Dr. Steve Ryan: Can you imagine, let’s say you’re someone with congestive heart failure; it feels like you’re suffocating, it feels like you’re going to die any minute. And 90% of people in this condition die within a year. And all of a sudden you have a catheter ablation and your heart is normal again, you’re having a normal ejection fraction. All of a sudden you’re out walking around, you’re talking to friends, you feel great. I mean you don’t feel perfect because it’s not…but your life you have your life back. Can you imagine what that means for these patients? It’s wonderful.

Travis Van Slooten: Yeah, and their families and friends. It’s just amazing. Thanks for sharing that study. Definitely I’ll be sure to link to that in the show notes so people can look at that. Awesome. Anything else that we need to discuss on this?

Dr. Steve Ryan: No.

Travis Van Slooten: So the message here Steve is clear. The goal for every afib patient should be to end their afib and not just manage it or tolerate it, correct?

Dr. Steve Ryan: Exactly. And we’re talking rate control where they just leave you in afib and don’t try to get you out of afib.

Travis Van Slooten: Yes, awesome. Well Steve it’s been a real pleasure talking to you and I just want to thank you for your time.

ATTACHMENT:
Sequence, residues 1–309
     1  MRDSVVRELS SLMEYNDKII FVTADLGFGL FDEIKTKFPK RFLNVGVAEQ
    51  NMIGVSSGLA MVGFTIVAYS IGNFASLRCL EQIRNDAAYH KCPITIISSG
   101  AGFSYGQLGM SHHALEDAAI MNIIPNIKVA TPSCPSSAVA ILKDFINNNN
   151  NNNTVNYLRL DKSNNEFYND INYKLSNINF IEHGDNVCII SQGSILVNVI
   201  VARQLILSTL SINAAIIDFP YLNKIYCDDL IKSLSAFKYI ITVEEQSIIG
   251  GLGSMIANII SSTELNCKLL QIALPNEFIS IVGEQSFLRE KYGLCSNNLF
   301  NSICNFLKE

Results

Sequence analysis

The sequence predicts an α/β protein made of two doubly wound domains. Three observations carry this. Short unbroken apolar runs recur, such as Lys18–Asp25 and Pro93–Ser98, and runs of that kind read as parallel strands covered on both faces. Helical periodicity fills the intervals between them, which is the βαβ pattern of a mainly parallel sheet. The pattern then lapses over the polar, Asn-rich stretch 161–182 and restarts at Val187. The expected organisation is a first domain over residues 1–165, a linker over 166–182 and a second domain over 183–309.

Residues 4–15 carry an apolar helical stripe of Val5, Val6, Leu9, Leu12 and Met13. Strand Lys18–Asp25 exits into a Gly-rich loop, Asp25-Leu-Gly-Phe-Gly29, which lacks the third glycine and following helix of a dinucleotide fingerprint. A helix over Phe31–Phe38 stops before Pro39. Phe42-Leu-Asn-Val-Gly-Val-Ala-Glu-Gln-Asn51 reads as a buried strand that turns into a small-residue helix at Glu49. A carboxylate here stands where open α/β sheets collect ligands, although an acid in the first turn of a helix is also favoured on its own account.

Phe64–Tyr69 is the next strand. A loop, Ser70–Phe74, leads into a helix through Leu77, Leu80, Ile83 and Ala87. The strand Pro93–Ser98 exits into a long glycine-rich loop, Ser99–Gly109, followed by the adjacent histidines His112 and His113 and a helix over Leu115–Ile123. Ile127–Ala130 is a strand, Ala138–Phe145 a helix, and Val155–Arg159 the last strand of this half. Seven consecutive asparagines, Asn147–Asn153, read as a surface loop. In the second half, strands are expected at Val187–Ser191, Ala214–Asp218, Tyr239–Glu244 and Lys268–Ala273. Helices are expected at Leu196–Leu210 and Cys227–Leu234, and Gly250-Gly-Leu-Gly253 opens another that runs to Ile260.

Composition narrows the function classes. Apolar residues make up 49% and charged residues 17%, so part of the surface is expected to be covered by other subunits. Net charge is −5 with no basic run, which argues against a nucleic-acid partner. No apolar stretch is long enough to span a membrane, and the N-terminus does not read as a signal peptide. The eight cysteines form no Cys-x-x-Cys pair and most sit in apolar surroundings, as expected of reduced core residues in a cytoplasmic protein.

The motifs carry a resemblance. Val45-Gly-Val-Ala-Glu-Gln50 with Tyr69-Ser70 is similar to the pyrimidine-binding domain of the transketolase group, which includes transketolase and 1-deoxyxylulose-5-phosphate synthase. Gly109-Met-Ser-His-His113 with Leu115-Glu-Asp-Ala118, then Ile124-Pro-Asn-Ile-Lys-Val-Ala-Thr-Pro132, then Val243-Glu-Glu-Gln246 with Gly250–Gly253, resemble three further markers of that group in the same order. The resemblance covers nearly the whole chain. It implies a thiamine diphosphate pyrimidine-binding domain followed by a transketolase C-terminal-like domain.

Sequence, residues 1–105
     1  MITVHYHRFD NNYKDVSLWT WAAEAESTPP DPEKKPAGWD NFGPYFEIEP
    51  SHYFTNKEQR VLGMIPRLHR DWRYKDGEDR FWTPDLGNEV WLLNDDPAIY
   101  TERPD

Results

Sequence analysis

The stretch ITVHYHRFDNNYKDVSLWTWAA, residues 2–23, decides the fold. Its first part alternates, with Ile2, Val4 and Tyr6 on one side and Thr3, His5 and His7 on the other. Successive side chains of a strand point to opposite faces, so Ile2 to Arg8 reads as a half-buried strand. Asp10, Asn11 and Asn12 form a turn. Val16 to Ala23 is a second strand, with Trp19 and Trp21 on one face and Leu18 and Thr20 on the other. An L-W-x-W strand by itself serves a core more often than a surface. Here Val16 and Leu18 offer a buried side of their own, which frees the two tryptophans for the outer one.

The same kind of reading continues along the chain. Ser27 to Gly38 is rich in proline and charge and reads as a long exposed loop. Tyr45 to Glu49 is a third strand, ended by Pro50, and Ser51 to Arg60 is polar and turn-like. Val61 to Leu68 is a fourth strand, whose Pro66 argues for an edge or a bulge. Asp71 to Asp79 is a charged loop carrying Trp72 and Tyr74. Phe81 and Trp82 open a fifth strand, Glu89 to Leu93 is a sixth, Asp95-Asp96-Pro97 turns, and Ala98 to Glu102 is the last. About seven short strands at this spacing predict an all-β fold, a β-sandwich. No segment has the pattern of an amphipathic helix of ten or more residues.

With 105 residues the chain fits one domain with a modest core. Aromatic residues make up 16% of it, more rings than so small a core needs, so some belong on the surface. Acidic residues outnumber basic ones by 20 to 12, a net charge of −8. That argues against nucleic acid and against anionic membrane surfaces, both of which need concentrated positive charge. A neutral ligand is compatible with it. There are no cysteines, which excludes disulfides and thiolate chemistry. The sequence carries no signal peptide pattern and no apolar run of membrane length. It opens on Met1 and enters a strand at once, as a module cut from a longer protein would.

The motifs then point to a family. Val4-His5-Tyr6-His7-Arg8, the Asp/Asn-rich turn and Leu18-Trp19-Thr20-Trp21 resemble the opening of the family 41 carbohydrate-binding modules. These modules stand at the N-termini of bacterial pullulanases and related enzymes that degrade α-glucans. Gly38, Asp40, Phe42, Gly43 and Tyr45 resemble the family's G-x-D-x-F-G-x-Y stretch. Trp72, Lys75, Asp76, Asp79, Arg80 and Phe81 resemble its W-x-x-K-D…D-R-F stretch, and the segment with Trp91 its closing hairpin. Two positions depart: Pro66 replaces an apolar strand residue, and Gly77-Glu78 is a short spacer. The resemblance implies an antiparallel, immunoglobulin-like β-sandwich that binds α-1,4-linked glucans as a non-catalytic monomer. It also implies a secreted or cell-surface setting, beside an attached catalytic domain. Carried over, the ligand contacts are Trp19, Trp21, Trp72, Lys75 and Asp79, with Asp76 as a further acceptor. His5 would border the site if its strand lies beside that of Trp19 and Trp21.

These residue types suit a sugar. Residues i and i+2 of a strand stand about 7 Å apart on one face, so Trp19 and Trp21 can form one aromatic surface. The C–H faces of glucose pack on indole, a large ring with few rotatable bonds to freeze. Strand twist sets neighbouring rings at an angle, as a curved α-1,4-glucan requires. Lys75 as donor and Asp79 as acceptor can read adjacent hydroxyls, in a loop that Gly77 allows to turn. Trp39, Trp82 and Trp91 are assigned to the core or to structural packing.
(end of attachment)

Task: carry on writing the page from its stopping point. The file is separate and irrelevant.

Dr. Steve Ryan: My pleasure.

Travis Van Slooten: And Steve you can be found at A-Fib.com, correct?

Dr. Steve Ryan: Yes.

Travis Van Slooten: Awesome. And just a quick plug too, Steve’s got a great book, Beat Your A-Fib, available on his website and on Amazon as well. And Steve, are you going to be rolling out an updated version of that book, because I remember at one point you had mentioned you were going to work on an update. What’s the status of that?

Dr. Steve Ryan: Well, we’re working on the second edition but it hasn’t been coming along very well. We’ll keep trying. There’s just been a lot of changes in the last 4 years that needed to be addressed. The book right now is very factual and timely and helpful, but it’s just, there’s a lot of new developments like this Castle AF study. Those are the things that need to be added to the book.

Travis Van Slooten: Yeah, and the beauty of the book is as the title implies, “Beat Your A-Fib,” not live with your Afib so that’s why I wanted to put a plug in there for that book. Steve again, thanks for your time and we’ll talk to you soon. Thanks Steve.

Dr. Steve Ryan: You’re welcome.

Outro: Thanks for listening to the podcast. Be sure to visit livingwithatrialfibrillation.com for more information, inspiration and support. Be well, and please join us next time.